After the sun set the sky turned purple. I couldn’t believe my eyes as the light dimmed. I’ll admit that I’ve done a little photo-editing on all the pictures posted so far in order to boost colors and contrast but this photo is straight out of camera–this is what it actually looked like:
I headed back in the dark, planning how to best capture the event and hoping I could get to sleep quickly despite the excitement I felt.
With a start time of 6:30 I didn’t have to get up too early but I did want to make sure to get there ahead of most of the runners and crews so I could get some timelapses of people and cars arriving. Before I knew it the starting whistle was blown and the huge pack of runners was off. From that point on, it was a battle to get ahead of the pack, find the best places to park and try to get as many shots of the frontrunners as possible.
Fog was the name of the game for most of the morning. Before the sun rose, it even rained a little bit, but for a good chunk of the morning as I drove to get ahead of the runners this is what the world looked like to me:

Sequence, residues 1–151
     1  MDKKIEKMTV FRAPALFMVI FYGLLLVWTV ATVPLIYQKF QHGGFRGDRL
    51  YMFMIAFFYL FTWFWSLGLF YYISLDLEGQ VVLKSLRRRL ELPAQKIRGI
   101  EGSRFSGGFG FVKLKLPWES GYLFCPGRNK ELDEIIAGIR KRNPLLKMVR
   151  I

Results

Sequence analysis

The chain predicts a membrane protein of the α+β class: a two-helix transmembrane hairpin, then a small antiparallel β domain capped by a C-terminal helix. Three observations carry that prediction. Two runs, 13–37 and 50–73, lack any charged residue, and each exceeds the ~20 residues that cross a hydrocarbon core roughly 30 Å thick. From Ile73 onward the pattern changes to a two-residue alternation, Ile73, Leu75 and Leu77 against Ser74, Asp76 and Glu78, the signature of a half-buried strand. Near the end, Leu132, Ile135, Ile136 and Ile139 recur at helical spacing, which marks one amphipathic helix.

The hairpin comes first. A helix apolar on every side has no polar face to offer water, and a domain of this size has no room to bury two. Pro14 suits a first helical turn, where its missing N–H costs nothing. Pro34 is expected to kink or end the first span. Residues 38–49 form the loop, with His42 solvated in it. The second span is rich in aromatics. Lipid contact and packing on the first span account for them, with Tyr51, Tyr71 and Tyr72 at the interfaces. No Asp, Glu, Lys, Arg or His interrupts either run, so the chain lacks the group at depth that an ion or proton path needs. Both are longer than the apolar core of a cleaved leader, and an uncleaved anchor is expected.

It was quite a surreal experience, really. At the start of the race, even though it was dark and wet, I was surrounded by people and lights. When I drove the first two miles to follow the pack of runners on the road I was with a whole group of folks looking to see the runners make the turn to the dirt path. But as soon as that passed, I was all by myself.
The rest of my day is fairly well outlined in the video that we produced on the Monday after I got back from the race. I sped from the first aid station (Warm Springs) all the way around the lake to meet up with Meghan at the turn around point. I was blown away that, despite being in a car driving at speeds of over 50 mph, I could barely keep ahead of the runners. Sure, they were on a footpath, but it never fails to impress me how hard it is to keep up with these amazing athletes.